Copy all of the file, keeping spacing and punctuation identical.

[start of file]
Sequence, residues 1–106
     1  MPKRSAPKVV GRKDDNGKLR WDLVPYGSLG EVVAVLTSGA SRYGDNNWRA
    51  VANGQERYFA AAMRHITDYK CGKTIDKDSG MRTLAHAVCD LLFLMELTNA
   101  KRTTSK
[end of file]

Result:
Sequence, residues 1–106
     1  MPKRSAPKVV GRKDDNGKLR WDLVPYGSLG EVVAVLTSGA SRYGDNNWRA
    51  VANGQERYFA AAMRHITDYK CGKTIDKDSG MRTLAHAVCD LLFLMELTNA
   101  KRTTSK